How has your work evolved from your first show in Luleå to the recent show with Cabinodd?
I have always painted portraits. The work I showed in Luleå was made with a different approach: the paintings evolved as I was making them. I was finding the story of the painting through colour. My process changed radically when I came to the Netherlands. These days I arrive at the canvas with a definite idea of what kind of character I want to portray, and how.
The two paintings currently on view during The Artery Show are inspired by my own life and my friends’ lives. One painting shows twins on a mission to have fun, and the other shows a woman who is taking it easy with love. She’s not soft, though. If someone pushes her, she’ll push right back. Maybe a little bit harder, too. There’s also an hourglass marking the passage not of time, but of love. My involvement with Cabinodd has been a positive impulse for me as an artist. Ella Buzo (Cabinodd’s director) has been really supportive of my work; finding venues for it at art fairs, galleries and within various curatorial projects, like The Artery Show.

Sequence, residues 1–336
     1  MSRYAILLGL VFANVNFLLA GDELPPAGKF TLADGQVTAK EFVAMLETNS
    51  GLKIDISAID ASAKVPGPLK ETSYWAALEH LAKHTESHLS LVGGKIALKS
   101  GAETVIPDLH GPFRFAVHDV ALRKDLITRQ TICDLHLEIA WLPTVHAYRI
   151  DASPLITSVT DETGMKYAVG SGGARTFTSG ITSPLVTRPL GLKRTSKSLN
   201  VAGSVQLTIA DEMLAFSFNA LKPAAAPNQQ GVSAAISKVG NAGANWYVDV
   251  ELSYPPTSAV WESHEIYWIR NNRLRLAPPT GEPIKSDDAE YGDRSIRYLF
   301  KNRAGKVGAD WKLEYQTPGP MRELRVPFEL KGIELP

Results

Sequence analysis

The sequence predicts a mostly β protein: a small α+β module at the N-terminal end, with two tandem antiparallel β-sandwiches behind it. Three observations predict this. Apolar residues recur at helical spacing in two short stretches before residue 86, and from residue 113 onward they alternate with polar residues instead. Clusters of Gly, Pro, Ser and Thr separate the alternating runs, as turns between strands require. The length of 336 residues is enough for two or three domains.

What’s it like having your own studio? What is Gouda like?
I’m lucky to have a big studio in Gouda and a smaller one at home. This may sound like a luxury, but I really need to be able to work at home in the evenings and sometimes through the night. It also makes childcare and child-related logistics much, much easier.
Gouda still has a lot of old world charm, but it’s deceptive. Gouda is actually a very vibrant city with a lot going on. Because of it’s size and location it’s a great base for an artist.
How do you decide to allow someone to show in your studio?